Understanding the customer has been the focus of attention of businesses and academia for many decades. Starting in 1960s, complex buyer behavior models developed by Nicosia, by Howard and Sheth (1969), were followed by Engel, Blackwell and Miniard in 1978 (Engel, Blackwell, & Miniard, 1990) to understand the buying process, shaping the thoughts today about consumers’ experiences in an omnichannel world. Interest in customer perceptions and expectations (Parasuraman, Berry, & Zeithaml, 1991), SERVQUAL (Parasuraman, Zeithaml, & Leonard, 1985) and SERVPERV (Cronin & Taylor, 1994) moved the academia to discuss the relationship marketing (Morgan & Hunt, 1994; Parvatiyar & Sheth, 1999; Peterson, 1995; Sheth & Parvatiyar, 1995). Wilson’s model (1995) of buyer–seller relationships extended the former models with additional concepts like social bonds, comparison level of alternatives, power roles, technology, structural bonds and cooperation as influencers on relationship development stages. His emphasis reflects a high relevancy in the omnichannel world of customers’ interactions today. Winer (2001), a pioneer to discuss the customer relationship management focused on a database to know about customers’ purchase history and interests. The millennium look at customer lifetime value is again relationship focused. For Fader, Hardie, and Lee (2005) rather the long-term focus of the consumer value and actions are important to understand the loyalty and nonlinear nature of relations. While Reinartz and Kumar (2003) focused on profitable customer lifetime and customer heterogeneity, Verhoef (2003) analyzed the impact of customers’ relationship perceptions and relationship marketing instruments on both customer retention and customer share development. The customer-centric thinking was first discussed by Grönroos (2006) within a new definition of marketing. The service dominant logic (Vargo & Lusch, 2008) resulted in the next highlight, the co-creation of value with customer involvement and customer advisory (Güngör, 2012; Güngör & Bilgin, 2011; Messner, 2007) empowering the customers and giving them the control over the supplier networks. Different factors will be influential at different stages of the buying process of customer clusters. The Web- and non-Web-based customer-centric measures can be multifold. Andersson, Movin, Mähring, Teigland, and Wennberg (2018) and Bank (2018) emphasize the importance of technology readiness focus throughout the customer–supplier journey. The question to be answered is, to which extent the empowered customers and the suppliers of this age are ready to adopt, embrace and finally use new technologies in the omnichannel world of holistic interactions that form new visions, expectations, values and desires in a tremendous speed. Ideas and experiences are shared and exchanged in online communities without the need of the involvement of the suppliers. This “holistic view” challenges firms further through the seamlessness it requires to create unity. Customer-centric research needs a new push for the development of instruments and measures to cope with the consumer decision process challenges. Process thinking is needed to capture the purchasing habits in an omnichannel world and to build a new thought for customer journey experience with the aim to understand technology-linked value propositions of customer clusters to optimize channel interactions. Customer journeys have to focus and describe the online/offline experiences at the hybrid shopping mile, trace the behavioral influential factors of the customers’ and sellers’ world in a technological environment. This chapter will discuss “Technology based Orbit Interactions” for “The Hybrid Shopping Mile and its Customer Journey Mapping” with a “Customer Intelligence Framework.” The outcome of the hybrid customer journey mapping gives orientation for customer-management decisions in developing new approaches.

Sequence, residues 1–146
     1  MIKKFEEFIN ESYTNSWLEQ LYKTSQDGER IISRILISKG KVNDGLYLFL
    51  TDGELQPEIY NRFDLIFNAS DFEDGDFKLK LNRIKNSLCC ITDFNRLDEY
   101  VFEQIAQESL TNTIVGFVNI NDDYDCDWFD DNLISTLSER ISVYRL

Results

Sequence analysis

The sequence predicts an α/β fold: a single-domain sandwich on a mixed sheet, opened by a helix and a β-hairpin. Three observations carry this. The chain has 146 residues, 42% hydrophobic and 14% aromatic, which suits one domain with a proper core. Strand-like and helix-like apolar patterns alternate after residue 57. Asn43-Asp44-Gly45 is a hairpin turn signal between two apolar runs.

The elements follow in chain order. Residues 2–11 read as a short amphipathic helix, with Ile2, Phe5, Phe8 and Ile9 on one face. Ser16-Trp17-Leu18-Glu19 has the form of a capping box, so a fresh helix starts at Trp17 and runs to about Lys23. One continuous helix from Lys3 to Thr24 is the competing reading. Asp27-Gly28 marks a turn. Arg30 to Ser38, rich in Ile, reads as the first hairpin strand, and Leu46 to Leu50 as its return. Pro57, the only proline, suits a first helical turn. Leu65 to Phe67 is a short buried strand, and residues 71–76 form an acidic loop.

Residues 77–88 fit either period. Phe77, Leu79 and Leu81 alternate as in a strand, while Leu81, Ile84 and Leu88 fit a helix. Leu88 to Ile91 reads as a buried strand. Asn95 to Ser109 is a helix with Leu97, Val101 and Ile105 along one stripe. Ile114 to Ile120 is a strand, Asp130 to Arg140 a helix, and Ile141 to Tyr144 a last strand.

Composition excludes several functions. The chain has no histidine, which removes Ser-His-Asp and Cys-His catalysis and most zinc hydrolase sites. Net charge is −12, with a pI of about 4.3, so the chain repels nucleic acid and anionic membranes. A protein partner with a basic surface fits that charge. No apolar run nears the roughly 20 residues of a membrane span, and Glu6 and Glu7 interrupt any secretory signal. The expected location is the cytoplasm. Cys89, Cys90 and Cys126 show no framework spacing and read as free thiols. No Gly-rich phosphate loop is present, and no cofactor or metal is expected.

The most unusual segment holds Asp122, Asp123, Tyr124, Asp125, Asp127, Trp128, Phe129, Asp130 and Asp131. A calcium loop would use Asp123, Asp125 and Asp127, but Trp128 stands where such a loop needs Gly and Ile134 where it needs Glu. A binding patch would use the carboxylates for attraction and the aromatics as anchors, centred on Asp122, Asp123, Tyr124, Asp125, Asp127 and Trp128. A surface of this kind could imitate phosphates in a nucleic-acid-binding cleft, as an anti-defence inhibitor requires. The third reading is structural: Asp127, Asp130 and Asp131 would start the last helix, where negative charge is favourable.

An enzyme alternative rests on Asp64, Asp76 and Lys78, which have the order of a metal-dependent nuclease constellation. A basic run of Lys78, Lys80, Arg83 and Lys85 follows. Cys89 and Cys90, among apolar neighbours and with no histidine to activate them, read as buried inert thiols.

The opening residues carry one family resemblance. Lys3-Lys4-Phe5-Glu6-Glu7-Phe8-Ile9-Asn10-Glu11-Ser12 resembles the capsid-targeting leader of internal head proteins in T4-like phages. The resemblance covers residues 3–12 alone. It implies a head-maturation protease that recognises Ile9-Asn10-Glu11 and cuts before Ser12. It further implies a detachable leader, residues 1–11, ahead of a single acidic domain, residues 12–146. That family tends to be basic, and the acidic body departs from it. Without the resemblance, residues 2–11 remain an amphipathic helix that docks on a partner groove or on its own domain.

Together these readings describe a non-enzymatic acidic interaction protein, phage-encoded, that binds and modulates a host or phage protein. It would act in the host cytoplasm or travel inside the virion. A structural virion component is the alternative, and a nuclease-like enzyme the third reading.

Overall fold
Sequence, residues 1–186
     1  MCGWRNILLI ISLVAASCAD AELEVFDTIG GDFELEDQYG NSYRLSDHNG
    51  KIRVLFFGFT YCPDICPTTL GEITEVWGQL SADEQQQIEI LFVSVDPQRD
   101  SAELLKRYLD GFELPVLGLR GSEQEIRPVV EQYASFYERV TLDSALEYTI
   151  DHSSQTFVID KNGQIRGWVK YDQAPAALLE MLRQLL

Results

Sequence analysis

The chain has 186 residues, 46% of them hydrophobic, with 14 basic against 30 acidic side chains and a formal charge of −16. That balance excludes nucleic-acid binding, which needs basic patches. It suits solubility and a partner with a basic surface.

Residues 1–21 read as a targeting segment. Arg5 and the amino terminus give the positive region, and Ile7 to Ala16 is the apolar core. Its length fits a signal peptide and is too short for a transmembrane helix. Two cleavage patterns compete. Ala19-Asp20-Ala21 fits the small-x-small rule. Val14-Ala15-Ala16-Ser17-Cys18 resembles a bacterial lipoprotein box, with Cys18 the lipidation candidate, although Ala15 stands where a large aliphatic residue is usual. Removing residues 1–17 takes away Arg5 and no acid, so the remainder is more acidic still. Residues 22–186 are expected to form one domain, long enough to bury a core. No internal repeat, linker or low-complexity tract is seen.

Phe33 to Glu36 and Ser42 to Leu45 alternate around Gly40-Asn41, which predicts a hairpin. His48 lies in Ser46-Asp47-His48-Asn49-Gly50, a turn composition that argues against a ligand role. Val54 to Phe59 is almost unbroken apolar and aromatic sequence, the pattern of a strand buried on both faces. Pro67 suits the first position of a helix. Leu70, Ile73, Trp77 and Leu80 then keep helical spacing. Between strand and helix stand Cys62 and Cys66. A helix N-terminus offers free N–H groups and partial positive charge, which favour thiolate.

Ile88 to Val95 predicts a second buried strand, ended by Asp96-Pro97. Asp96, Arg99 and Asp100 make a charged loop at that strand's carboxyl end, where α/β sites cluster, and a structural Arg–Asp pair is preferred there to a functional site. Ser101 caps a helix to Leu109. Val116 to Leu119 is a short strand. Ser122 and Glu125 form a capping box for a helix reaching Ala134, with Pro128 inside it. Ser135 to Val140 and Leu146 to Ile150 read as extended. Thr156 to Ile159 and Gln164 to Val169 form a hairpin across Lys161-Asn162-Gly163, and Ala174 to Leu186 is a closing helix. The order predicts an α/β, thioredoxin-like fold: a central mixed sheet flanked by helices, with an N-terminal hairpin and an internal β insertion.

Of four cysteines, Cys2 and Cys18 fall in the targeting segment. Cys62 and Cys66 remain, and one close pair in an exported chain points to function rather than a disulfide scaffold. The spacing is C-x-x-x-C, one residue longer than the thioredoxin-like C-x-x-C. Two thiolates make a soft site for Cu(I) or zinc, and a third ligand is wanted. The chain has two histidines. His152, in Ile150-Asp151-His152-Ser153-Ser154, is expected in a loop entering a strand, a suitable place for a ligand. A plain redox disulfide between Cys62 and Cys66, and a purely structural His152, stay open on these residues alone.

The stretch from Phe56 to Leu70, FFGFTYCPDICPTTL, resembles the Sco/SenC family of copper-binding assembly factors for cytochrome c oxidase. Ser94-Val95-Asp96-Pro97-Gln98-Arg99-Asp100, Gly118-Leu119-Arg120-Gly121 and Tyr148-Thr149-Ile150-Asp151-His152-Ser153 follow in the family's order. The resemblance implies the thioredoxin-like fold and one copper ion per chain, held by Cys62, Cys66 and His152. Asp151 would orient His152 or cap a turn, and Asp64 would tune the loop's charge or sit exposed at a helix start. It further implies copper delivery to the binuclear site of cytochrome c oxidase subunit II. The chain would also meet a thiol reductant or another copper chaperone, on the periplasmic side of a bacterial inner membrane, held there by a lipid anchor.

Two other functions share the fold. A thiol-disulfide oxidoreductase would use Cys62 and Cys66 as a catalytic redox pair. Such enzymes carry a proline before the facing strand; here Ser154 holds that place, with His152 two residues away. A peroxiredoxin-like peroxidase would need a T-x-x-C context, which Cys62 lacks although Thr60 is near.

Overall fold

Abstract

In retail industry, it is very important that companies start to own an omnichannel approach in order provide an integrated experience. This approach is recognized as a key to have sustainable growth for companies and brands. In this study, it is aimed to examine the application of omnichannel decisions in different marketing channels and the contributions of this approach in the strategic plans of companies to create an overall customer experience in Turkey. For this purpose, a thorough literature review was provided on different marketing channel approaches, especially retailing and wholesales. In-depth interviews with companies showed that companies in Turkey are underway to include omnichannel approach in their short-term plans to improve their sales volume, and these companies also use this approach as a positioning by creating an integrated customer experience through customer relationship management.

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Abstract

We consider start-up companies that have been established for rapid growth and are active in the international market. In this study, we examine the conditions required for starting a start-up. We analyze how it is possible to add value to an idea that makes a business unique. First, we’ll show you when to talk about start-up. The starting point is that a start-up company is organized on a community basis. This much greater knowledge is coupled with high-level technological competences. In addition, there is a need for some “big idea,” innovation, which investors see as fantasy. A new niche market must be found where hundreds of thousands of customers worldwide can be served without any geographical constraints. The founder must have a high-risk appetite, and even naughtiness, because the novelty he invented will narrow the market of others and harm the interests of others. Here’s a look at the financing options for start-ups. At the end of this chapter you will find case studies on different start-ups.